GP support for those requiring aftercare for treatment abroad varies nationally. In Lanarkshire, one GP says he deals with around two such patients returning from bariatric surgery overseas every month.
Ruth had a positive experience with her GP following her treatment. STV News spoke to another patient who lives just half an hour away, who had the same surgery on the same day but when she returned home, her GP refused to provide any aftercare.
The NHS says it will always provide emergency care when necessary.
GPs in the UK say they currently have no idea how many people are opting to take the radical step of receiving treatment overseas, including potential demands from patients when surgery goes wrong.
NHS Lanarkshire is among the first to go ahead with issuing their own guidance after the Scottish Government sent a letter to health boards earlier this year.
Dr Jamie Torrens said: “We are definitely seeing a rise across Lanarkshire with patients presenting with issues after treatment overseas and this is a concern.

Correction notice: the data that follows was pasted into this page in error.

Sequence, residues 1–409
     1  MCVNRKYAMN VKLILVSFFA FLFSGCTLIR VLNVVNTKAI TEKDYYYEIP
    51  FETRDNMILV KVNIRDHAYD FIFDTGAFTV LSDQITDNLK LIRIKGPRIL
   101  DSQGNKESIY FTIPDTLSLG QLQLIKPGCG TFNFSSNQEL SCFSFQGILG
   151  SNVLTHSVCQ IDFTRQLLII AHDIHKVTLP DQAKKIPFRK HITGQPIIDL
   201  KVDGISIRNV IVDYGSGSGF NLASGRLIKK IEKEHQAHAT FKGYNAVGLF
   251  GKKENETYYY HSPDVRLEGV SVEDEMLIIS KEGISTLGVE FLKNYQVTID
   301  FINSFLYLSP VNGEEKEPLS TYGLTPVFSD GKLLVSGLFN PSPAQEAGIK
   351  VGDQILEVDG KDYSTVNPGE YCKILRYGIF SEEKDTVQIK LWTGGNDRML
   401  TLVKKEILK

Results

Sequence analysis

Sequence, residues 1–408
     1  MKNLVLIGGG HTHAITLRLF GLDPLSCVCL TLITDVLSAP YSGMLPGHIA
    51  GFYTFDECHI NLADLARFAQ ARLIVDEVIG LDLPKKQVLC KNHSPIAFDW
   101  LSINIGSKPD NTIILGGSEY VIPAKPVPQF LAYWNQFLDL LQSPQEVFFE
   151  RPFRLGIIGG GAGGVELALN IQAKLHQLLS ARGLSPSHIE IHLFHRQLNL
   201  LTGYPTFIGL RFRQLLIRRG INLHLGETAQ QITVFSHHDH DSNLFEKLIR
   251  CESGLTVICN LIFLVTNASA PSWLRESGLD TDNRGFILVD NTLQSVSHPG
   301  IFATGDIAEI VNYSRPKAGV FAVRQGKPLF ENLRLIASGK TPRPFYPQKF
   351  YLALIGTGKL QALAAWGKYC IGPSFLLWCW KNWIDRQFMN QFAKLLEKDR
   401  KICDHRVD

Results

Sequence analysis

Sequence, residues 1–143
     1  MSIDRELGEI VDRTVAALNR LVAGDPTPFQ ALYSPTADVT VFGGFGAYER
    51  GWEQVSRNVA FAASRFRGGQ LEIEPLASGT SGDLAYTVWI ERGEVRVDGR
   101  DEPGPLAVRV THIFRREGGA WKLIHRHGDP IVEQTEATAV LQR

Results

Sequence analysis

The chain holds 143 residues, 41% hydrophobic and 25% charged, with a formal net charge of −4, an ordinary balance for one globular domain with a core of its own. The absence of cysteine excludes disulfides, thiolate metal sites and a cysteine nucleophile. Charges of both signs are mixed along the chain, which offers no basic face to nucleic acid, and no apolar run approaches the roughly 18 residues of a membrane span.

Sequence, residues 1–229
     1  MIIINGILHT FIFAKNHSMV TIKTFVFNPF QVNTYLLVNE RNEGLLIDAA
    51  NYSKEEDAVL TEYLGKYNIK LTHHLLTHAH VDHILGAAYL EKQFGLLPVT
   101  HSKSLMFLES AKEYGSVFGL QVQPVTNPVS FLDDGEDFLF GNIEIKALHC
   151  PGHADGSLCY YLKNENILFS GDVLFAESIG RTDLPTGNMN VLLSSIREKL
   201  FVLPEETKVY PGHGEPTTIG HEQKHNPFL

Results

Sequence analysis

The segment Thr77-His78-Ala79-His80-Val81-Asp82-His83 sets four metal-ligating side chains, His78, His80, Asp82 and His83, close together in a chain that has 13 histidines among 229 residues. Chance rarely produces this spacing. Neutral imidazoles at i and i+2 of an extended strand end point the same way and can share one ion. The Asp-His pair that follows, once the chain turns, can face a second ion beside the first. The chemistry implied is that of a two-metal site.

“We don’t exactly know who has been operated on until they come to see us, so we haven’t been able to alter any medications, provide any nutritional support. Some patients we see are doing very well, they’ve lost weight and they have reversed their diabetes, but some are presenting late with other problems.
“On a few occasions, we are still seeing people several months down the line who are now able to eat full meals, not able to eat solids, struggling with being full up quickly after meals.
“A couple of months down the line, you could start to have altered neurology, people have problems with falls and altered sensations in their arms, and memory problems from a thiamine deficiency.